FICA may take legal action against MCL

DUBAI, UNITED ARAB EMIRATES - JANUARY 28: Kyle Mills (2nd L) of Gemini Arabians celebrates with teammates after taking the wicket of Michael Lumb of Libra Legends during the opening match of the Oxigen Masters Champions League 2016 between Libra Legends and Gemini Arabians at the International Cricket Stadium on January 28, 2016 in Dubai, United Arab Emirates. (Photo by Francois Nel/Getty Images)
Shukriya Pakistan

The Federation of International Cricket Association (FICA) is weighing options to take legal action against the organizers of Masters Champions League (MCL) over the non-payment to players that took part in the inaugural edition in the UAE.

As per the initial plan, the MCL had to take place for the next two years as well, however, the possibility of happening that looks bleak now as FICA is threatening to take legal actions against the organizers on behalf of more than 50 players.

Tony Irish, the executive chairman of FICA has also called for forming “an international dispute resolution body and contract enforcement mechanism in cricket.”

Irish talked to ESPNCricinfo and said that MCL has lost the credibility for sure. He further said, “The failure to honour contracts sends a strong message. It is not a straightforward process to bring legal action, but we ensured there were proper player contracts in place and we are looking to coordinate a class action on behalf of 40 or 50 players.”

“We have given the organisers several deadlines and these have not been met. If they want to hold an event next year, they have a lot of ground to make-up. I think players will look at what happened in the first year and draw their own conclusions.”

“Despite several undertakings from Mr Shah that outstanding player payments would be made, under a payment plan proposed by MCL, many players have still not received payments due to them several months after the event. Some players have received less than 25% of their fee for an event that finished in February.”

“It’s also extremely disappointing that the event organisers have now taken to simply ignoring attempts by FICA, players and player agents to address the situation.”

MCL never had a smooth journey, first they were failed to clarify the definition of retired players to complete satisfaction of the Full Members Board. Some players withdrawn just after playing first game because they didn’t have NOCs.

On the other hand, there were boards like PCB, CSA and WICB, who were not very happy with the time slot chosen for the league as they had their domestic tournaments scheduled during the span and they felt players will leave for the franchise tournament that will fade up their local tournaments.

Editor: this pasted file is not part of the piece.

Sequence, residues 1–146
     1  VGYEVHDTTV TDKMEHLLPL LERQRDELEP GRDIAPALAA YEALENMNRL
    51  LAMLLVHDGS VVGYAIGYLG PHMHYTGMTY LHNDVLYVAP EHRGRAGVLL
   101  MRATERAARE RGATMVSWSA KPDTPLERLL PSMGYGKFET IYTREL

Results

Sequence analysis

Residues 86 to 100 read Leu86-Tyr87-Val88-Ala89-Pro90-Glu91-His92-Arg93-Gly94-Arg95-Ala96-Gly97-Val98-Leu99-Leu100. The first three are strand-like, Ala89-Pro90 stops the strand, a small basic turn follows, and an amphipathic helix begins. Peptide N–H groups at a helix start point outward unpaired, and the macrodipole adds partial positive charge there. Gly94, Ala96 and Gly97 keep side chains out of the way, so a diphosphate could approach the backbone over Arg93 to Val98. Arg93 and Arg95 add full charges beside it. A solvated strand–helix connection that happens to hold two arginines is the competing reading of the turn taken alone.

Players were promised by the organizers that they will be paid as soon as they will reach UAE for the tournament, however, it didn’t happen. In fact, stars threatened to pull off from the tournament as the last moment. Some players were paid 10% of their due amount, some received 25% and got 50% of it.

The ownership structure of all the teams was also not cleared and it created the dispute that who is liable to pay players and who is not. However, the owner of Midwest Hotels, Zafar Shah, whose subsidiary firm is GM Sports, the main organizer, assured players about payment.

Shah guaranteed that all payments will made and he was just waiting for sponsors to pay the dues, which didn’t happen. Zafar is currently avoiding to comment on the current situation.

“We want to see an opportunity for such leagues and we want to see more opportunities for players,” Irish continued. “And that’s why we helped draw-up these contracts and put in place the anti-corruption safeguards you would expect at major events. We wanted to see that everything was done properly. So we feel the set-up of the event was not a worry. The problems have occurred when it has come to payment and, under the terms of the contracts, GM are responsible.

“Systematic breaches of professional player contracts in cricket, such as this, are unacceptable. The MCL was an approved cricket event, under the jurisdiction of the Emirates Cricket Board.

“As part of the ongoing work on the global structure of the game, we will be proposing an international dispute resolution body, and contract enforcement mechanism in cricket. Players, boards, clubs and leagues would all benefit from such a mechanism.”

As there were many loopholes in the initial idea of MCL, ICC is also questioned that why it allowed the league to take place. In reply, Clive Hitchcock, the ICC’s senior operation manager said, “Our decision not to issue a Disapproved Notice was based on the application from MCL which clearly stated that it was an event for retired players only.”